Telephony services make the modern workplace, well, work. Enhance your existing telephony system capabilities by integrating Symbl’s Voice SDK.
How: Our SDK analyzes voice conversations on SIP or PSTN networks and generates actionable outcomes through contextual conversation intelligence. Products like call centre applications, audio conferencing, PBX systems, and other communication applications that support a telephony interface can use this SDK to provide real-time or post-conversation intelligence to their customers.
What to expect: You’ll receive a post-conversation summary link in the final response.
How to get the analyzed data: Refer to conversation API to get the JSON response of the conversation analyzed in form of: transcripts, action items, topics, follow-ups, questions and more.
For this guide, we will be using a phone number (PSTN) to make the connection with Symbl. It can be easily interchanged with a SIP URI.
Before we can get started, you’ll just need to make sure to have:
First, create an
index.js file where we will be writing all our code.
To work with the SDK, you must have a valid app id and app secret.
| If you don’t already have your app id or app secret, log in to the platform to get your credentials.
For any invalid
appSecret combination, the SDK will throw
Initialize the Client SDK
1. Use the command below to install and add to your npm project’s package.json.
2. Reference the SDK
| Finally, initialize the SDK
Connect to Endpoints
Now that we have successfully initialized the SDK, we can begin connecting to endpoints.
This SDK supports dialing through a simple phone number –
What is PSTN?
The Publicly Switched Telephone Network (PSTN) is the network that carries your calls when you dial in from a landline or cell phone. It refers to the worldwide network of voice-carrying telephone infrastructure, including privately-owned and government-owned infrastructure.
For this guide, we will be using PSTN to make the connection. Refer to our blog post [here](https://symbl.ai/blogs/ai) to see how to connect using a SIP URI instead.
| The code snippet below dials in using PSTN and hangs up after 60 seconds.
The above code snippet initializes the sdk, uses
sdk.startEndpoint to connect to the
pstn connection, starts streaming voice data for 60 seconds and then finally uses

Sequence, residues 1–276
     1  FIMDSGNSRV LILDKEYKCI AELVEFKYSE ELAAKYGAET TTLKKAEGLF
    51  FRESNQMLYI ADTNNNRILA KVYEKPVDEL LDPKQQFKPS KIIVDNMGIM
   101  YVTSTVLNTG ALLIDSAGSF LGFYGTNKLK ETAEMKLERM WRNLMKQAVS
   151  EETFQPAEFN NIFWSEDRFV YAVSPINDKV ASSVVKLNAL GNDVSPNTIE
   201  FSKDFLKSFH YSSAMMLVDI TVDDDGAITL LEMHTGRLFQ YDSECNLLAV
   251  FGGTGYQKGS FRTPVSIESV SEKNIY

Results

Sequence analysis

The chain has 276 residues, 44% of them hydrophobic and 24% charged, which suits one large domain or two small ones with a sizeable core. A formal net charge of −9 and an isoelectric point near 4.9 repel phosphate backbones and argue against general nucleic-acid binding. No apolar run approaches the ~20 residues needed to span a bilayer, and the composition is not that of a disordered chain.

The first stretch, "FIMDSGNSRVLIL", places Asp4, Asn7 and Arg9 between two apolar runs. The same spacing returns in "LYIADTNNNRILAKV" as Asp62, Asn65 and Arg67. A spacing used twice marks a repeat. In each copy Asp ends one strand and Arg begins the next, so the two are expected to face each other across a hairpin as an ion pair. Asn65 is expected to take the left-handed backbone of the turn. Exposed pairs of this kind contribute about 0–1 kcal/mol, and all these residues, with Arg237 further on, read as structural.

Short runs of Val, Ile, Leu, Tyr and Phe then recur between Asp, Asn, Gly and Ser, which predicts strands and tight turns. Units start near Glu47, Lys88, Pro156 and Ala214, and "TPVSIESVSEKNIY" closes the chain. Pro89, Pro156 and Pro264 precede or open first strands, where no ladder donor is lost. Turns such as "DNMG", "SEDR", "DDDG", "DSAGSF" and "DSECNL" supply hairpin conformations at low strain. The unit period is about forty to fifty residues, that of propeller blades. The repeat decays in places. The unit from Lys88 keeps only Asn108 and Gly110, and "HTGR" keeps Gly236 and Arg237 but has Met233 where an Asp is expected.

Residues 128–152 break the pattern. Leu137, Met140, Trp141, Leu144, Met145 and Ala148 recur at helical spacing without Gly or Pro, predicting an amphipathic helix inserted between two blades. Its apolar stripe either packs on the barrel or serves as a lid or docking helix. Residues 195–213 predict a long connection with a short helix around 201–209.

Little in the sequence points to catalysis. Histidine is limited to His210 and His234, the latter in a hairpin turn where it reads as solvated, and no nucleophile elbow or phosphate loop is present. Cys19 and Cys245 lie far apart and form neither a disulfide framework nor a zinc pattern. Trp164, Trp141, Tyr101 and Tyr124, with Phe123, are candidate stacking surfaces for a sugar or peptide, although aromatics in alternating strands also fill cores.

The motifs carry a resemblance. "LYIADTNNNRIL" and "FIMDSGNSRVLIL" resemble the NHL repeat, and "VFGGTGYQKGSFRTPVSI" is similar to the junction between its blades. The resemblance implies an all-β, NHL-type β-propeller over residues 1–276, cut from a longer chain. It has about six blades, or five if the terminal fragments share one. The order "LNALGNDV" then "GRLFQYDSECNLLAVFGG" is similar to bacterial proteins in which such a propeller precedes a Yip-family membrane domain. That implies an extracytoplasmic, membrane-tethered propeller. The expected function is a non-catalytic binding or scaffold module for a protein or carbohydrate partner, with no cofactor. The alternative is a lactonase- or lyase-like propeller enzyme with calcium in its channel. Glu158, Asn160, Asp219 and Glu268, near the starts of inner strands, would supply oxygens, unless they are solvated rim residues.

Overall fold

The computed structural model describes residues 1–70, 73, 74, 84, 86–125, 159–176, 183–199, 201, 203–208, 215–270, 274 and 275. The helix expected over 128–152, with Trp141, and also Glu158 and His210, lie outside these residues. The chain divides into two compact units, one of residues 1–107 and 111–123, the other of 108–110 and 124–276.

sdk.stopEndpoint to end the connection.
Events can be pushed to an on-going connection to have them processed.
Every event must have a type to define the purpose of the event at a more granular level, usually to indicate different activities associated with the event resource. For example – A “speaker” event can have type as
started_speaking . An event may have additional fields specific to the event.
Currently, Symbl only supports the speaker event which is described below.
The speaker event is associated with different individual attendees in the meeting or session. An example of a speaker event is shown below.
Speaker Event has the following types:
This event contains the details of the user who started speaking with the timestamp in ISO 8601 format when he started speaking.
This event contains the details of the user who stopped speaking with the timestamp in ISO 8601 format when he stopped speaking.
startedSpeaking event is pushed on the on-going connection. You can use
pushEventOnConnection() method from the SDK to push the events.
Above is a quick simulated speaker event example that
1. Initializes the SDK
2. Initiates a connection using PSTN
3. Sends a speaker event of type `startedSpeaking` for user John
4. Sends a speaker event of type `stoppedSpeaking` for user John
5. Ends the connection with the endpoint
Strictly for the illustration and understanding purposes, this examples pushes events by simply using
setTimeout() method periodically, but
in real usage, you should detect these events and push them as they occur.
Send Summary Email
sendSummaryEmail can be passed at the time of making the
startEndpoint() call to send the summary email to specified email